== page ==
It also comes as no surprise that Russia and China – which has substantial oil interests in South Sudan – abstained from the 2016 arms embargo vote. In 2015, a U.N. panel of experts said that a major Chinese state-owned arms supplier sold more than $20 million of weapons to South Sudan’s government in 2015, several months into the country’s deadly internal conflict. According to experts, China North Industries Corporation, Norinco, sold South Sudan’s government 100 anti-tank guided missile launchers, 1,200 missiles, about 2,400 grenade launchers, nearly 10,000 automatic rifles and 24 million rounds of various types of ammunition. South Sudan’s military has somehow also obtained four attack helicopters since the start of the conflict.

Even the U.N.'s mission in South Sudan is not without criticism. In January, a report by the Geneva-based research group Small Arms Survey accused it of lacking neutrality by giving arms to rebels in the town of Bentiu in 2013. It blamed UNMISS for underreporting arms confiscated from fleeing soldiers and handing over the weapons to soldiers of the Sudan People's Liberation Movement-in-Opposition (SPLM-IO) on more than one occasion. The report also claimed that shortly after this transfer of arms, the rebels went on to carry out a massacre of civilians.

 

Again, the operations of UNMISS were a focus of criticism after revelations its troops failed to protect civilians following clashes between Government forces and former rebels in July 2016. An internal investigation found that its peacekeeping mission in the capital, Juba, had failed to achieve one of its core mandates, namely "to protect civilians under threat of physical violence…with specific protection for women and children". It described the troops' response as chaotic and ineffective.

In 2017, it was reported that United Nations peacekeepers in South Sudan were moving more aggressively to protect civilians caught in the country’s four-year civil war, after years of criticism for failures that led to the sacking of the mission’s military chief last year.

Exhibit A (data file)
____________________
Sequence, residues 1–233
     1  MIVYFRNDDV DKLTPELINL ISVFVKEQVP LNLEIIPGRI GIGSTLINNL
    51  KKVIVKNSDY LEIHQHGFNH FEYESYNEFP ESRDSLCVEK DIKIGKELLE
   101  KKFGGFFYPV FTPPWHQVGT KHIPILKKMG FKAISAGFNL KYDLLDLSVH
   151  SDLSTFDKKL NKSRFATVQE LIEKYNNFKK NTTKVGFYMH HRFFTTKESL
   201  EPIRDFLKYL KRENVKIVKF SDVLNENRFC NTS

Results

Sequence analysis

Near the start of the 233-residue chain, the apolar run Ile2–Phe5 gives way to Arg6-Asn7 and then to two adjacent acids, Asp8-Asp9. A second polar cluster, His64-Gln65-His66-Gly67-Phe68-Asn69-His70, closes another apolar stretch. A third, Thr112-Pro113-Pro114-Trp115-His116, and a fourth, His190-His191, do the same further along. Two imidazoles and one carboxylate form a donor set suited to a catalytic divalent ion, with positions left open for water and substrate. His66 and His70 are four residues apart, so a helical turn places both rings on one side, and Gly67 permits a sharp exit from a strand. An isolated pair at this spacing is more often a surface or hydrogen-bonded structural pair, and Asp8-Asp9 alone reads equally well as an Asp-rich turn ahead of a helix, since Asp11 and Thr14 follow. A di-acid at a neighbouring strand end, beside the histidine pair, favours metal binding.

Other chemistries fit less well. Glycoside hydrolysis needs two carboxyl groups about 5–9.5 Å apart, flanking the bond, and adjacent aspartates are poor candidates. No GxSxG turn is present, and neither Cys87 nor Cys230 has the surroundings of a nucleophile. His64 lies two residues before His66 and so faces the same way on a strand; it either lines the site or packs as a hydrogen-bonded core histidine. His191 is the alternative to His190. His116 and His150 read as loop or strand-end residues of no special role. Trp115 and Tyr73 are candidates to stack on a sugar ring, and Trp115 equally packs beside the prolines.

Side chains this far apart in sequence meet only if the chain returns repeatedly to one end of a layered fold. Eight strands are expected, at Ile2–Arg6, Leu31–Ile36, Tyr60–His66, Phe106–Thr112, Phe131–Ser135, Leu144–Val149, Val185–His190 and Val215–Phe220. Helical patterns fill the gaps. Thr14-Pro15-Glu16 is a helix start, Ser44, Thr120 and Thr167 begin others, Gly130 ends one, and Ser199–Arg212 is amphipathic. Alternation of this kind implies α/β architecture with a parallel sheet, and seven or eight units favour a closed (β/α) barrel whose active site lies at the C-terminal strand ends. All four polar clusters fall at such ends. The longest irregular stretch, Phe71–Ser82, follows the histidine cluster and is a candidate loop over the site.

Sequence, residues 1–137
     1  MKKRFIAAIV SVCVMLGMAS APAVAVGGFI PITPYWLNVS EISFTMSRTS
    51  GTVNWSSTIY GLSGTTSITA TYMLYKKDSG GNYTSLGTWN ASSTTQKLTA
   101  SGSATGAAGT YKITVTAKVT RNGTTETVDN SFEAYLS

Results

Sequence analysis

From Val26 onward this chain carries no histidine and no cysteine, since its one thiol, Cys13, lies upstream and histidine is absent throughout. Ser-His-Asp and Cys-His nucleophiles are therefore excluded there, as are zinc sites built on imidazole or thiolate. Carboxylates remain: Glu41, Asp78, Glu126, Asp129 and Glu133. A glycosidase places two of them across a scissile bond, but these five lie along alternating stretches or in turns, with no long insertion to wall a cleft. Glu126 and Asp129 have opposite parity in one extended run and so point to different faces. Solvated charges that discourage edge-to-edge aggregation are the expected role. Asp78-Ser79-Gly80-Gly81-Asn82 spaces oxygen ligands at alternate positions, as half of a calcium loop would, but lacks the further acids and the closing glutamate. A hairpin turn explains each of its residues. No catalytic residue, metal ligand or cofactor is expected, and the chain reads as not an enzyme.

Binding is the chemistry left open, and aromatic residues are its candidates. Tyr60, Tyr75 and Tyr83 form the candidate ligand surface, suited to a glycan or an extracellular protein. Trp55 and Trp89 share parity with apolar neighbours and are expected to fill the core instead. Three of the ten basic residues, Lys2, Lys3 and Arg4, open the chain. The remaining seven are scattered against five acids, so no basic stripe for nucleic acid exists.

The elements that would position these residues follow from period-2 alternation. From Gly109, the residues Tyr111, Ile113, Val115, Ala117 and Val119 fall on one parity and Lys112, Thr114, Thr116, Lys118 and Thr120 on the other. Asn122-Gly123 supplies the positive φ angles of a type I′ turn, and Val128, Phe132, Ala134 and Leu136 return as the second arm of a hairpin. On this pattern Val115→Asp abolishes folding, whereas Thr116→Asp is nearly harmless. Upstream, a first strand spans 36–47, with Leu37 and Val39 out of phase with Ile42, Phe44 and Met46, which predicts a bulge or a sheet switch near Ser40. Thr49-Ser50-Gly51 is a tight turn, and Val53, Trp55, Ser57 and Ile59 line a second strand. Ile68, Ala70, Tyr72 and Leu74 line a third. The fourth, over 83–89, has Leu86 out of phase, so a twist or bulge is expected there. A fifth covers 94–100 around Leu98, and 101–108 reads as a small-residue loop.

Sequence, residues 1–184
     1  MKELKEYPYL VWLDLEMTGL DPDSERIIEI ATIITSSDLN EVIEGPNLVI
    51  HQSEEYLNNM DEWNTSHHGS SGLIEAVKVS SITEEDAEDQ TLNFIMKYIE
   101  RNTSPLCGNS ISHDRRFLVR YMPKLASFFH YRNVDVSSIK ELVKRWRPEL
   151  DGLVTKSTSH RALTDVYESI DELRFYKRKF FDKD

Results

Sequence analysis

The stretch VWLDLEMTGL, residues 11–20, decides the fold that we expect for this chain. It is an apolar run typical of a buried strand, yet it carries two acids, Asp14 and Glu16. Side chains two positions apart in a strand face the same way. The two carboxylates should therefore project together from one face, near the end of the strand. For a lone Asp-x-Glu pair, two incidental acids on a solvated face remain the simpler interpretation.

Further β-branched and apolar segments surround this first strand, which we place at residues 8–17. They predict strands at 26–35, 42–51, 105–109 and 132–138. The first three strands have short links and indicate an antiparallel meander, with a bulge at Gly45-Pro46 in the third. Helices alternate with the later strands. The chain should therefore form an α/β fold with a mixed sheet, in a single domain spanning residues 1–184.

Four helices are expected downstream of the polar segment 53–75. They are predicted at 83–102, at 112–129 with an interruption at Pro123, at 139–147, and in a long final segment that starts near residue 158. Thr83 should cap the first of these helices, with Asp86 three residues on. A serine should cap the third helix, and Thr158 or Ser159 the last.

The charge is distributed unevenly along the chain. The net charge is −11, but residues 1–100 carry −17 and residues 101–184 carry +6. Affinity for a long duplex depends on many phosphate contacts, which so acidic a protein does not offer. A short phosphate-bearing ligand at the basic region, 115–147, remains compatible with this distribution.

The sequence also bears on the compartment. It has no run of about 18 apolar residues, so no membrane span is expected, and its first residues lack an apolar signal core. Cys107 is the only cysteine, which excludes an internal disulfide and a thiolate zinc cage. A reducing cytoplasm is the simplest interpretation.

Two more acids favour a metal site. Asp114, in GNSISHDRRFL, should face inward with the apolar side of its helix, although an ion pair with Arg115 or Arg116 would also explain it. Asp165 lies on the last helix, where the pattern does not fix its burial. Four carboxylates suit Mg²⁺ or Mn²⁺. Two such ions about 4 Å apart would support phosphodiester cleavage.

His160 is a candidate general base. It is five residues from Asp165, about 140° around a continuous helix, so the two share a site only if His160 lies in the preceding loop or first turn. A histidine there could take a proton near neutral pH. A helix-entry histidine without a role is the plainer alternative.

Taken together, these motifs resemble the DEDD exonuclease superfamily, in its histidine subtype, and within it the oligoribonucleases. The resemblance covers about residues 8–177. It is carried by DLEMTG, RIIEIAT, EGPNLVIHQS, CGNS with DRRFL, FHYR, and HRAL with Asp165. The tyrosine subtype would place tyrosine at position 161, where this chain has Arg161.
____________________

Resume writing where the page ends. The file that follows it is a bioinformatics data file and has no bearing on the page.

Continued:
'Despite more robust peacekeeping, the violence continues. The mission has 12,000 armed peacekeepers and a budget of over a billion dollars. But that’s not enough to patrol a nation the size of France with under 300 kilometres of paved roads. Part of the problem is that the U.N. needs permission from South Sudan’s government for its presence. That can interfere with investigations or interventions aimed at government forces.'

What are we left with in South Sudan? Emboldened strongmen, corruption, no movement to impose an international arms embargo, talk of the real potential for genocide and ethnic cleansing, limited leverage of aid over the South Sudanese government, a card that cannot be played because of the staggering number of people in need and a deteriorating security situation which will no doubt bring calls for the deployment of more military personnel and the absence of any coherent strategy. History is repeating itself time and time again, yet we just don't learn. 

On that background, what are the innocent men, women and children of South Sudan – or Syria or Afghanistan or Iraq, for that matter – supposed to make of reports that Australia is planning a diplomatic offensive to deepen its strategic relationship with the United States, with a "secret weapon" booked to entertain U.S. governors, business leaders and top officials? At some point the worm will turn.

The question for Australia is: what will our involvement be at that point?  The answer won't be pretty if we're in the existing strategic relationship with our ally, let alone in a deeper one.

Kellie Tranter is a lawyer and human rights activist. You can follow her on Twitter @KellieTranter.

Creative Commons Licence
This work is licensed under a Creative Commons Attribution-NonCommercial-NoDerivs 3.0 Australia License